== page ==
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Passover

How a Museum Visit Connected Me to Passover in a Whole New Way

ancient Egypt paintings wallpaper

I’d grown up hearing the story of Passover each year at our family’s seders. “We were slaves in the Land of Egypt,” my father would intone, my brother and I nodding at the familiar words.

If I ever thought about it (which wasn’t very likely), I pictured the scene that illustrated our worn, wine-stained haggadahs. Workers toiled in a field, a far away Egyptian overseer standing guard; the scene looked pastoral and peaceful. I didn’t doubt our ancestors were once enslaved in ancient Egypt, but it all seemed so remote. I couldn’t picture what that slavery meant… until one day when I took my kids to visit Chicago’s Field Museum of Natural History and my understanding of that chapter in our history—and the way I looked at the world—changed forever.

We’d visited the jewel collection on the top floor to please my daughter, and we’d gazed at the animal dioramas to please my younger son. Now it was time to see what our older son had been begging for—the exhibit on ancient Egypt. We descended to the lower level to see the museum’s collection.

The first case contained ancient weights and measures, along with a lengthy explanation: cheating by shortchanging customers in the marketplace was punishable by torture and death, the panel read. Many of those judged most harshly were the slaves who served Egyptians in ancient times.

Another case, amazingly, held scraps of fabrics and pieces of ancient clothing and shoes. Upper class Egyptians wore the white flowing robes I’d seen illustrating my haggadah long ago; the lower on the social scale people were, however, the less clothing they were allowed. Slaves, at the bottom, often went naked in the boiling Egyptian sun. My perception of my ancestors began to change: theirs was no peaceful work in pleasant fields. I wondered what it must have been like to toil on Egypt’s great building sites with no clothing for protection at all.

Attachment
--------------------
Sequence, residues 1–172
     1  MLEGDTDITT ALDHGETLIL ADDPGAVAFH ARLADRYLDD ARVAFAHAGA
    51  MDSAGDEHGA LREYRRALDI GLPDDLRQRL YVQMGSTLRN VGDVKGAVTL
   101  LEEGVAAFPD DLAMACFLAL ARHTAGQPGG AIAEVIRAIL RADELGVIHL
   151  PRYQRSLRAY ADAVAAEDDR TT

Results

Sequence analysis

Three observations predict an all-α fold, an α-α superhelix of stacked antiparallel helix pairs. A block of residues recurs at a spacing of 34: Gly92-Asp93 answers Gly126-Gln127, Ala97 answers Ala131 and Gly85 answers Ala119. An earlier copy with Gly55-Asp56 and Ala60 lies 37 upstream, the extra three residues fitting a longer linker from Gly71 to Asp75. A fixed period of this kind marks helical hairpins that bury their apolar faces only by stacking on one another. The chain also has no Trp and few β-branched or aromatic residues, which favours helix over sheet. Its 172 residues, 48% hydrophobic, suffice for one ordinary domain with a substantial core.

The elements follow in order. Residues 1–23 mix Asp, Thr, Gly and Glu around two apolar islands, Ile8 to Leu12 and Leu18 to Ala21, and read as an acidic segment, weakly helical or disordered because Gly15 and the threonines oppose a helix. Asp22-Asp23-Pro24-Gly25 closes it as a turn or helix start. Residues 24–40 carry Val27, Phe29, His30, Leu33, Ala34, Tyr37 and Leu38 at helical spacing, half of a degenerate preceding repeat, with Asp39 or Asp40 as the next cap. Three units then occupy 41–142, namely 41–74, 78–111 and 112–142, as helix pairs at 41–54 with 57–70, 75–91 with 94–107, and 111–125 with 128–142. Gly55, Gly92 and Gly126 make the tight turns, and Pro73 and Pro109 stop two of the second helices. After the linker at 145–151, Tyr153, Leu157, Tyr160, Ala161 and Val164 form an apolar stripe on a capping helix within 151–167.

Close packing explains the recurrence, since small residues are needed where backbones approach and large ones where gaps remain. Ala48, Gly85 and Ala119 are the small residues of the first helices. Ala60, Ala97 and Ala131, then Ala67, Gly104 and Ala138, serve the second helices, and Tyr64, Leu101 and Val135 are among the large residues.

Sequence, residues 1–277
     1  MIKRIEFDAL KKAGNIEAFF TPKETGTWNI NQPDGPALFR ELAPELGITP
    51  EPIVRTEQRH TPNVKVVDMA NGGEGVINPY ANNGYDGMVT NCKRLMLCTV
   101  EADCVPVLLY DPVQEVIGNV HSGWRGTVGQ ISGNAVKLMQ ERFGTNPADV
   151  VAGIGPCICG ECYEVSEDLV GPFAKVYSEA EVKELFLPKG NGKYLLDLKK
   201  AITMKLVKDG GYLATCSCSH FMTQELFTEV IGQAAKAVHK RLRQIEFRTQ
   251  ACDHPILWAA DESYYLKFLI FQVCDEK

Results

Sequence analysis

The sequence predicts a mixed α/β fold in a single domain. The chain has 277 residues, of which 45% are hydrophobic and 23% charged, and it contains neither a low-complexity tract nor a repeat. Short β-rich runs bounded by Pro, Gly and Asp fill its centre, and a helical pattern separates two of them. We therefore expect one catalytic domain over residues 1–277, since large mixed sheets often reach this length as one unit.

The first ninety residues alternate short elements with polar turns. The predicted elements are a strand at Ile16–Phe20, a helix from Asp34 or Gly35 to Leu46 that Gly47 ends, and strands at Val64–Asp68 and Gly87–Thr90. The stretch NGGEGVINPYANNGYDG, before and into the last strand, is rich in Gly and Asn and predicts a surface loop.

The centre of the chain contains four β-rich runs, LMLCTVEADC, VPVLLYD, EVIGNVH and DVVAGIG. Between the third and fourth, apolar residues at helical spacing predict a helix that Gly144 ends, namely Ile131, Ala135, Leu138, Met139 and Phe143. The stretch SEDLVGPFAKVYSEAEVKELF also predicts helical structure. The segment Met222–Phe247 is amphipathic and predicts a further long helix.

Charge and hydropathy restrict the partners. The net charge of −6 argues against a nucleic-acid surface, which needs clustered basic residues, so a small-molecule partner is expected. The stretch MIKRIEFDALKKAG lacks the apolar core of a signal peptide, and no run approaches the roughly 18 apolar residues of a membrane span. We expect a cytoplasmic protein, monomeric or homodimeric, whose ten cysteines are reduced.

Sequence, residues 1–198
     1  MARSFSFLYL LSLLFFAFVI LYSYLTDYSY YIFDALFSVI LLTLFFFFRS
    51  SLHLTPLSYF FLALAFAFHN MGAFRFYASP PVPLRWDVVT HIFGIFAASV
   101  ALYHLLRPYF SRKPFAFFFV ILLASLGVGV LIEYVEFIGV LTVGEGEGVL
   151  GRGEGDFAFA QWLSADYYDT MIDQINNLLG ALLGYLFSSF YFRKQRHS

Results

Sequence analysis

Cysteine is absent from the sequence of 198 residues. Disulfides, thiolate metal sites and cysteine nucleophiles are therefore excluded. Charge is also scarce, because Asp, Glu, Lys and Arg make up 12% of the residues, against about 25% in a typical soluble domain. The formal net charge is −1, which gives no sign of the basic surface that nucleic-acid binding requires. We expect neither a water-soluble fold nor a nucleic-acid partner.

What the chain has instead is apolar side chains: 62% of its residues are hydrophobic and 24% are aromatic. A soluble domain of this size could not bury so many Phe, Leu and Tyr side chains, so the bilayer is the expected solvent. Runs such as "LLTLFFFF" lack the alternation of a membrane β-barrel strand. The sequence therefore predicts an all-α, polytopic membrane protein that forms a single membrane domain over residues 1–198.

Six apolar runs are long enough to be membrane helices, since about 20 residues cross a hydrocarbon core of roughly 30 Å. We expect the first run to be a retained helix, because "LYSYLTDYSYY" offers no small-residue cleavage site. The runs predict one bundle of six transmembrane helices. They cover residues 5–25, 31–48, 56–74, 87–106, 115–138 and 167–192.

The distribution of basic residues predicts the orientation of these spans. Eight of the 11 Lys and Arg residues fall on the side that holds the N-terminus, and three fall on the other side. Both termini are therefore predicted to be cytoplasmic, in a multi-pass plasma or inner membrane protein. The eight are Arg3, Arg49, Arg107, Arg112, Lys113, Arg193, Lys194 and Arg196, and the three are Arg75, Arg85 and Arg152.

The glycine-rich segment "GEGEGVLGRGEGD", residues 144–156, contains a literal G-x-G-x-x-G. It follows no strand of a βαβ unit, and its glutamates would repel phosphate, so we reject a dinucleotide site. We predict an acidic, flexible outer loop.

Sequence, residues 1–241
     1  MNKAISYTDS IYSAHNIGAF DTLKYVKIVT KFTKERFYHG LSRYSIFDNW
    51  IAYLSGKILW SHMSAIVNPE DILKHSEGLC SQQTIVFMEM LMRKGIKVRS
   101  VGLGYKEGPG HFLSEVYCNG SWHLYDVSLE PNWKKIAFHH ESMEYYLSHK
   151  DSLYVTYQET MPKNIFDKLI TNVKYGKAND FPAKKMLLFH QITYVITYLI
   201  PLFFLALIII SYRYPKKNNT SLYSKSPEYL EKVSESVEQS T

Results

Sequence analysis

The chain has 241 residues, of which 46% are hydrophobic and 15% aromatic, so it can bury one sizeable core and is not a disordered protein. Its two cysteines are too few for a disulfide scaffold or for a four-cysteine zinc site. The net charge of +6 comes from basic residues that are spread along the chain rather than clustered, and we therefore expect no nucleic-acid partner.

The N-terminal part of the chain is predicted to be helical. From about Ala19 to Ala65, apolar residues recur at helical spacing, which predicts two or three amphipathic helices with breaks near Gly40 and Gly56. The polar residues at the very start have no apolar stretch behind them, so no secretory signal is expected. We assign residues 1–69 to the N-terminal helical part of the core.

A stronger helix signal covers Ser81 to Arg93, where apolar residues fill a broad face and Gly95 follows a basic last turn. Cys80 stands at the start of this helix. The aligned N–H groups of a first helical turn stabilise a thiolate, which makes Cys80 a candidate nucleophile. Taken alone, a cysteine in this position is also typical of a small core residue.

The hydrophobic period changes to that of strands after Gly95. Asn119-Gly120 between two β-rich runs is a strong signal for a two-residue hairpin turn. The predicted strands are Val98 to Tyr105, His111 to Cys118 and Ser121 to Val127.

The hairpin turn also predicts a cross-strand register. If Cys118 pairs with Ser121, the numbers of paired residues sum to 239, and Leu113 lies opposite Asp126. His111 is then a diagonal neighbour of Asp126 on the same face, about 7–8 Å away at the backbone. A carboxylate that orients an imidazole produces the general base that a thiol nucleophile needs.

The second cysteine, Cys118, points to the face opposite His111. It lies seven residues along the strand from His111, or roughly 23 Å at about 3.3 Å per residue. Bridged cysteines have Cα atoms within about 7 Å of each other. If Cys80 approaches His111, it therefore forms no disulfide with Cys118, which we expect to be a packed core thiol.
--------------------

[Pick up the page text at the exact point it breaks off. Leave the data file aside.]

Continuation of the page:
An eye-catching display showed an Egyptian bed; it looked surprisingly modern. It didn’t surprise me at that point to learn that such comforts were denied the vast slave class. Food, too, was strictly rationed, with free Egyptians enjoying more and slaves often going hungry and intensely thirsty as well.

The final exhibit was vast: The Field Museum holds in its heart an ancient ship, rescued from an Egyptian tomb and painstakingly transported to Chicago. It once held a nobleman, who was entombed with a fully functioning ship to ferry him to the next world after his death. Huge containers of food and drink—denied to his hungry slaves in life—were entombed with the ship to provide their owner with sustenance in the world to come.

As I wandered through the ship, my eye was caught by pictures of people painted on the walls: slaves, the display noted, who were murdered when their owner died, so that they could accompany him on his final journey. I stopped and wiped my eyes. As I stared at the pictures of each figure—with their own expressions, their own staring eyes—I realized I could be looking at my ancestors. The ship had come so far, traveling across thousands of miles and through the millennia, to rest in the modern city of Chicago. At that moment, I felt as if that journey had been for me: allowing me to catch a glimpse of what life and death was like for those slaves whose DNA—whose memory—might today reside in me.

That image has stayed with me. Each year as I gaze into my haggadah now, I see past the illustrations of toiling slaves that decorate the pages. I imagine the basement of the Field Museum instead: its market weights that were considered more important than the lives of slaves; its luxuries that were denied to those who toiled to make their empire great; and the ghostly images of countless murdered slaves.

The Torah famously instructs us to feel that each of us personally escaped from Egypt. Visiting the Field Museum helped me—and my kids—understand what the Jewish slaves in Egypt went through. It made it seem much more disturbing and a million times more sad than we were accustomed to thinking of it. Most important, for all of us, it helped it to seem much more immediate and real.


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